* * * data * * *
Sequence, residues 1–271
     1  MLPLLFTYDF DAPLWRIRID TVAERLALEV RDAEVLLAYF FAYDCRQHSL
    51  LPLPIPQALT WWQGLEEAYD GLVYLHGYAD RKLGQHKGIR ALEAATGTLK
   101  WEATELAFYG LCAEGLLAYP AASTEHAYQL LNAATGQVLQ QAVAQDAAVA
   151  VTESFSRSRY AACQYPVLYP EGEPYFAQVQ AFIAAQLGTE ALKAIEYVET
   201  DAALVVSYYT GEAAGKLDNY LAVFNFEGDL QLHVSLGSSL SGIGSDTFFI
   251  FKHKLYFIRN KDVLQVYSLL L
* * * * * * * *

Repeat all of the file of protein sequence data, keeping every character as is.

Sequence, residues 1–271
     1  MLPLLFTYDF DAPLWRIRID TVAERLALEV RDAEVLLAYF FAYDCRQHSL
    51  LPLPIPQALT WWQGLEEAYD GLVYLHGYAD RKLGQHKGIR ALEAATGTLK
   101  WEATELAFYG LCAEGLLAYP AASTEHAYQL LNAATGQVLQ QAVAQDAAVA
   151  VTESFSRSRY AACQYPVLYP EGEPYFAQVQ AFIAAQLGTE ALKAIEYVET
   201  DAALVVSYYT GEAAGKLDNY LAVFNFEGDL QLHVSLGSSL SGIGSDTFFI
   251  FKHKLYFIRN KDVLQVYSLL L